Employment matters

Stay up to date on employment matters news, and government regulations in light of COVID-19 to prepare your business during this uncertain situation.

Keywords: Mazars, Thailand, COVID-19, Pandemic, Employment, Labour Law, Severance Pay

Updated: 10 June 2021

We first address how the labour law currently applies in case an employee is unable to work as a result of the COVID-19 virus.

  1. COVID-19 is a dangerous communicable disease as defined in the Communicable Diseases Act, 2558 B.E. If an employee is infected and takes leave, the employee is entitled to sick leave for the number of days sick but cannot receive pay for more than 30 days under the labour law.
  2. If an employee is at risk of having been infected and must be quarantined, labour law does not apply to the days in quarantine. If an employer does not allow the employee to work from home, the employer must order the employee to stay home and use annual leave. If the amount of annual leave is not sufficient to cover the time in quarantine, the employee cannot receive wages for those additional days if the employee cannot work from home and the employee’s illness was not a result of performing work for the employer. For businesses that are faced with having to close either temporarily or permanently, reduce operations, and / or cut salaries, there are number of options available.
  3. Bangkok and several other provinces have ordered certain types of businesses to close temporarily in order to help reduce the spread of COVID-19. An employer that is required to suspend its business operations does not have to pay wages to its employees during this period.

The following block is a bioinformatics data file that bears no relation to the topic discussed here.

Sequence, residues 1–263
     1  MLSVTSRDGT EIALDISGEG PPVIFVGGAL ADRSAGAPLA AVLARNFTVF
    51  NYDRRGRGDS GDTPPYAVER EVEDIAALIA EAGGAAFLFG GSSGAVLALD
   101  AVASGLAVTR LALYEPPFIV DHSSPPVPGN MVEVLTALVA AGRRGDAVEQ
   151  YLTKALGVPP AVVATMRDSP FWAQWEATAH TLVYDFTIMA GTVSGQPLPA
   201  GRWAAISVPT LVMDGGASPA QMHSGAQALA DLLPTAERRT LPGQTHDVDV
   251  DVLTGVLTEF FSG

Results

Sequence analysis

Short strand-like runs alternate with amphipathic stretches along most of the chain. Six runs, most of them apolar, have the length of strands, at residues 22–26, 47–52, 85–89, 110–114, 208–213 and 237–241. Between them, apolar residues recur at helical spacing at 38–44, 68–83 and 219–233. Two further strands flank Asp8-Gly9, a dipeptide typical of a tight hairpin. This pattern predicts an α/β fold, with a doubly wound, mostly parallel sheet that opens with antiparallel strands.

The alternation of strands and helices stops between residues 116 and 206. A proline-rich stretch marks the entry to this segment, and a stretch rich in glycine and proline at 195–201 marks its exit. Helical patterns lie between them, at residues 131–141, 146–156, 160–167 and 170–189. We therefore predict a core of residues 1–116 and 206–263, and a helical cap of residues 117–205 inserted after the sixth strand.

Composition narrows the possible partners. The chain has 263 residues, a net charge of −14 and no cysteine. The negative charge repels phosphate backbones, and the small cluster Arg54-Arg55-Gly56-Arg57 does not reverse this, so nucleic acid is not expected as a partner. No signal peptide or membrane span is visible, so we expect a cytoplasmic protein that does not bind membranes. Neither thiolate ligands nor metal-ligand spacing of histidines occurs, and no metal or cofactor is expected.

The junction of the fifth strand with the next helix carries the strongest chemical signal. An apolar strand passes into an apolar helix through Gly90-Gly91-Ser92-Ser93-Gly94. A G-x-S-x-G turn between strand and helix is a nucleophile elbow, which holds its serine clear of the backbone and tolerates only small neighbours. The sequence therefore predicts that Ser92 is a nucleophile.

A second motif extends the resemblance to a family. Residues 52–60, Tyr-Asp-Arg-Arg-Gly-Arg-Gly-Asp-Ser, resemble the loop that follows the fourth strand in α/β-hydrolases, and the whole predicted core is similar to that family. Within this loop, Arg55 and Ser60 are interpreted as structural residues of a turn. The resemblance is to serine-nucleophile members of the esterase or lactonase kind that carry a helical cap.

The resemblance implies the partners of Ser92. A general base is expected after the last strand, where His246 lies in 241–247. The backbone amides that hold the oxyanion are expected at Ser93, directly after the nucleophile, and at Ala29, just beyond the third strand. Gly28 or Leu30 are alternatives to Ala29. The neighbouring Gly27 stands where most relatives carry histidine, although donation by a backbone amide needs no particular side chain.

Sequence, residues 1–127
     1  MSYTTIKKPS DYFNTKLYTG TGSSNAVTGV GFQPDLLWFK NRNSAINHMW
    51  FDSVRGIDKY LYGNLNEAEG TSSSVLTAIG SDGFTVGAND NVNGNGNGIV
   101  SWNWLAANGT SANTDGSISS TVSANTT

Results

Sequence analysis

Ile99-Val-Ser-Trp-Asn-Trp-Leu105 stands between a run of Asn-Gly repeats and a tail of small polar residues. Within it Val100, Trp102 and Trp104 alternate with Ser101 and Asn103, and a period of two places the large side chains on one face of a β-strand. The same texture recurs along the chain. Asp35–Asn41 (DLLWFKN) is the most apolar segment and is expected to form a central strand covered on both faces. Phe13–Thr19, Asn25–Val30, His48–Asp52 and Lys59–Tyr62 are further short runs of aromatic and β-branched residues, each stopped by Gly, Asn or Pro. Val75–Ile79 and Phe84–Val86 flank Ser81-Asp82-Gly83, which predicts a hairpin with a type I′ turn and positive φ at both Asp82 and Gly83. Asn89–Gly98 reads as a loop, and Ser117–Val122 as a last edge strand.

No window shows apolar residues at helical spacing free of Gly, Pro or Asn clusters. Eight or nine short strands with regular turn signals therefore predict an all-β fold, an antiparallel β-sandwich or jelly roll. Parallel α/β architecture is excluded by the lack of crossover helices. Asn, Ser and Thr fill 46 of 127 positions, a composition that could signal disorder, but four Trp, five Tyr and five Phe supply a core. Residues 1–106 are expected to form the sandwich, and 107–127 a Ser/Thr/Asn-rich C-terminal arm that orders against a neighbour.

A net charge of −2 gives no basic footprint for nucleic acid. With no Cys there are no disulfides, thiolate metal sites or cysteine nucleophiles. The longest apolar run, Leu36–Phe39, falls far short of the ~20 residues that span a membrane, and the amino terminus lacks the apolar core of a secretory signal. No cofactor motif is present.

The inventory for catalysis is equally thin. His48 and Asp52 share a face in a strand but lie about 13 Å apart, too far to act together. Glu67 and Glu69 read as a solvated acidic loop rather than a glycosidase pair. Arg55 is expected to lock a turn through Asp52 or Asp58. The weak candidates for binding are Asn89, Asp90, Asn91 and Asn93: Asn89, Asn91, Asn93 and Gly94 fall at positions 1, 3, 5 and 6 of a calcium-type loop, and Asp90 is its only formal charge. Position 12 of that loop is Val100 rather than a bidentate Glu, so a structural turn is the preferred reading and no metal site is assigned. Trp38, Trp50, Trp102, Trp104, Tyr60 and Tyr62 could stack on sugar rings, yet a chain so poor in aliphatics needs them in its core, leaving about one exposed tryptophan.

4. Under Section 30 of the Labour Protection Act, an employer must provide at least 6 days of annual leave for employees who have worked for at least 1 year. Therefore, if employees agree, businesses may ask them to take their annual leave during a temporary reduction in business activities.
  5. Under Section 75 of the Labour Protection Act, if the employer cannot operate its business normally for reasons other than force majeure, the employer may temporarily suspend the business in whole or in part. In this case, employees are entitled to at least 75% of the wages that they would have received on normal working days for the entire period that the employer does not require them to work. The employer must give the employee and the Labour Inspector written notice of the suspension of business at least 3 working days in advance and must also report this temporary closure to the Social Security Fund, as no contributions will be made during that period.
  6. The employer and employee may both agree in writing to a reduction in wage. Under Section 20 of the Labour Relations Act, 2518 B.E. (1975), any change in the terms and conditions of employment requires the written consent of employees.
  7. There are many businesses across a wide range of industries that are severely affected by COVID-19 and which will have to lay off their employees. In this case, the laid-off employees shall be entitled to severance pay, payment in lieu of advance notice, and compensation for unused annual leave, but cannot claim additional compensation for unfair dismissal.

An employer that terminates the employment contract of an employee must provide severance pay as prescribed in Section 118 of the Labour Protection Act. The severance pay rates are as follows:

Length of employment

Severance pay

More than 120 days, but less than 1 year

30 days’ salary/wages

At least 1 year, but less than 3 years

90 days’ salary/wages

At least 3 years, but less than 6 years

180 days’ salary/wages

At least 6 years, but less than 10 years

240 days’ salary/wages

At least 10 years, but less than 20 years

300 days’ salary/wages

At least 20 years

400 days’ salary/wages